What Happened?

In 2021, a series of videos went viral on TikTok under the hashtag #KiaBoyz. The videos were basically a “how-to guide” from young thieves in Milwaukee, Wisconsin, who taught a new generation of criminals how to steal a Kia or Hyundai using nothing but a USB cord.

Shocking Hyundai Thefts Caught on Camera

Police Departments Report 1,000% Surge in Car Thefts

Now, police departments across America are dealing with a 1,000% surge in thefts of Hyundai and Kia vehicles, often by juveniles who film themselves joyriding at dangerous speeds and post the videos online.

These joyrides sometimes end in tragedy — at least one person died when they were hit by a stolen Kia. There have been countless accidents and damage caused by reckless drivers.

The hard-working owners of these stolen vehicles have been forced to pay insurance deductibles, repair costs, and many of them have been unable to get to work or take their children to school.

What is Hyundai Doing to Help?

Hyundai (the parent company of Kia) has responded by offering a security kit that owners can pay to install starting October 1, 2022.

Despite criticism, Hyundai has not issued a recall or offered to install free engine immobilizers, which are simple devices that make it virtually impossible to start a vehicle without using an authorized key.

Instead, Hyundai simply started adding the engine immobilizers on all new cars with model-years 2022 and above. This was required by federal law starting in November 2021.

Lawsuits are demanding that Hyundai do more to help owners. These lawsuits accuse Hyundai of selling vehicles that are “easy to steal,” “unsafe,” “worth less than they should be,” and causing a safety crisis.

How Easy Is It To Steal a Hyundai?

The #KiaBoyz videos show how easy it is to steal a Hyundai or Kia within seconds if the vehicle uses a mechanical key (not a key fob or “push-to-start” button).

The thief simply looks in the window. If the ignition uses a mechanical key, the thief breaks into the car, rips off a thin piece of plastic on the steering column, rips off another flimsy part on the ignition, jams a USB phone charger into the hole to start the engine, and drives off.

List of Hyundai Cars

  • Hyundai Accent
  • Hyundai Elantra
  • Hyundai Ioniq
  • Hyundai Sonata
  • Hyundai Kona
  • Hyundai Palisade
  • Hyundai Santa Fe
  • Hyundai Tucson
  • Hyundai Venue
  • Hyundai Santa Cruz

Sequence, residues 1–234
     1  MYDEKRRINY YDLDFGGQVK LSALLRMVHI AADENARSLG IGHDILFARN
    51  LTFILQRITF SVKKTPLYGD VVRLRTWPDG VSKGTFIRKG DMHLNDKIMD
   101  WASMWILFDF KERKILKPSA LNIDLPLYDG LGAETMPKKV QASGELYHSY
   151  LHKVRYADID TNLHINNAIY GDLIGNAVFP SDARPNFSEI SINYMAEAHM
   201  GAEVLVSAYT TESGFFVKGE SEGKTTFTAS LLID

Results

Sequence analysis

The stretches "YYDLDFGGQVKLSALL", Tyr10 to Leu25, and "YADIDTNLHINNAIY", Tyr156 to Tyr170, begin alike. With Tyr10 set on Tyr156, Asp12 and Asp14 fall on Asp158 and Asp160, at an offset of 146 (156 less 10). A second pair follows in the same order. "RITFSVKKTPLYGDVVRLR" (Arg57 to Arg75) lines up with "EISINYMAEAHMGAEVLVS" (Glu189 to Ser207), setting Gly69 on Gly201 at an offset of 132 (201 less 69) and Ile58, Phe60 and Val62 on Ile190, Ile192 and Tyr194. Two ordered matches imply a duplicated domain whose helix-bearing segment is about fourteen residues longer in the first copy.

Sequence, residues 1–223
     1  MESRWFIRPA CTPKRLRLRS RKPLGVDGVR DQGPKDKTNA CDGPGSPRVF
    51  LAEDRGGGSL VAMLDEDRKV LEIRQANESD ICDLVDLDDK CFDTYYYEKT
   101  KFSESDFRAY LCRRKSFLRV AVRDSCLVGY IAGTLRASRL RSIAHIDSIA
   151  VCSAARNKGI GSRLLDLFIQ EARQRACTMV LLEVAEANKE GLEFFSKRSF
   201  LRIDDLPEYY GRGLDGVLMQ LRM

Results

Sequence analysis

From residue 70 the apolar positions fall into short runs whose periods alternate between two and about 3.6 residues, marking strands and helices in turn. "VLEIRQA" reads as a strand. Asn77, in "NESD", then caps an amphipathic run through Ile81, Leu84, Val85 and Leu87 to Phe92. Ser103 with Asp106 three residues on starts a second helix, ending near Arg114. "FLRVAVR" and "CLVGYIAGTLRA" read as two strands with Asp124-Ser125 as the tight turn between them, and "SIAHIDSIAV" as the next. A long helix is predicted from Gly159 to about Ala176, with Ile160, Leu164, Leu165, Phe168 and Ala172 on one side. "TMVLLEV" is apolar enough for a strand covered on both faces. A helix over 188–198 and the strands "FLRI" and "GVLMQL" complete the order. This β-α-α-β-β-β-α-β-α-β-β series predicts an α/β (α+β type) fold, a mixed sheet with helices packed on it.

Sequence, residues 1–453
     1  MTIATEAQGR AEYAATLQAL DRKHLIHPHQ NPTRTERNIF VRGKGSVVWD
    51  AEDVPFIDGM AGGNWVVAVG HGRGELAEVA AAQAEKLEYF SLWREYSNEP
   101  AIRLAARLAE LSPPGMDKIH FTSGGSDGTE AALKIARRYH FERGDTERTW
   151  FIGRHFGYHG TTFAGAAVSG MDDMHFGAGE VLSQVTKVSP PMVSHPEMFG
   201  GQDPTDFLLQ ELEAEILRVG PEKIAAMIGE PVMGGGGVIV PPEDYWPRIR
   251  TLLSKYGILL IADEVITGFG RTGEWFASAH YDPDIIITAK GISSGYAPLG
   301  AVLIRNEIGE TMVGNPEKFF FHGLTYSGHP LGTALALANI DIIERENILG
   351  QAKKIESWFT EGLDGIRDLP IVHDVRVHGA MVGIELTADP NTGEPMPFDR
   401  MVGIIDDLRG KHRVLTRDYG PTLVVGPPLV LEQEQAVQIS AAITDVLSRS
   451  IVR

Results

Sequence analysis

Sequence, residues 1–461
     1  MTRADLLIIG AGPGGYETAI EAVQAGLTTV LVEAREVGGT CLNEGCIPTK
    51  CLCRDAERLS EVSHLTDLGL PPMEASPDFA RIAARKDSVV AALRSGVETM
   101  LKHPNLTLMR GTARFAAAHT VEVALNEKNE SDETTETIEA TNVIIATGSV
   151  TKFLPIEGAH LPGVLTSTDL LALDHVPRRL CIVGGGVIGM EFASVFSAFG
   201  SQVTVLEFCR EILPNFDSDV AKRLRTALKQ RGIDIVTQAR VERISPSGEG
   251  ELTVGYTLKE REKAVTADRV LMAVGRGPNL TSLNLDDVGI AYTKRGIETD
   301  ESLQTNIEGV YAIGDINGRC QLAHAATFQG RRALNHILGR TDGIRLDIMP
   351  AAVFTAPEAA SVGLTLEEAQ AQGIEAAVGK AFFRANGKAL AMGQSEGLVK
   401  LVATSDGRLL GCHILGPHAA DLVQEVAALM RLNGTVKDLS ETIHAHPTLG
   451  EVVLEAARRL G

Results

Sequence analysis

• Hyundai Veloster
  • And more

Hyundai Theft Class Action Lawsuit

In September 2022, Hyundai was hit by a class action lawsuit in Minnesota that was filed by LaShaun J., a man who had his 2019 Kia Sportage stolen from his driveway.

When the vehicle was discovered, the driver-side window was broken, the door and hood were damaged, and the ignition was broken apart. Police said the thief used a flat-head screwdriver to start the car.

The Hyundai Theft Class Action Lawsuit was filed on September 2, 2022 in the U.S. District Court for the District of Minnesota — Case Number 0:22-cv-02164-ECT.

What Can I Do?

If you own a Kia or Hyundai from the 2010-2021 model-years and it uses a mechanical key, your vehicle is an attractive target for thieves.

The easiest anti-theft system is a steering wheel locking device like “The Club.” Hyundai has offered free anti-theft steering wheel locks through some police departments, but they have quickly run out as owners rushed to protect their vehicles.

Starting October 1, 2022, you can pay Hyundai to install a security kit. You can also pay a professional to install an aftermarket anti-theft system, GPS tracking device, battery kill switch, or an alarm system.

Hyundai Hit With Lawsuits After Surge in Car Thefts

Hyundai is being sued by people who were angry to learn that their car was so easy to steal. These people are seeking compensation for over-payment on vehicles that are attractive to thieves, and loss of resale value.

If your Hyundai was stolen, you may be eligible to file an individual lawsuit. Even if your car has NOT been stolen, you may qualify to join a class action. Many lawsuits have already been filed nationwide.

These lawsuits are seeking compensation for:

  • Insurance deductibles related to car thefts
  • Time and out-of-pocket expenses
  • Lost wages
  • Repairs to damaged vehicles
  • Anti-theft systems
  • Over-payment for cars that are easy to steal
  • Lost resale value
  • And more
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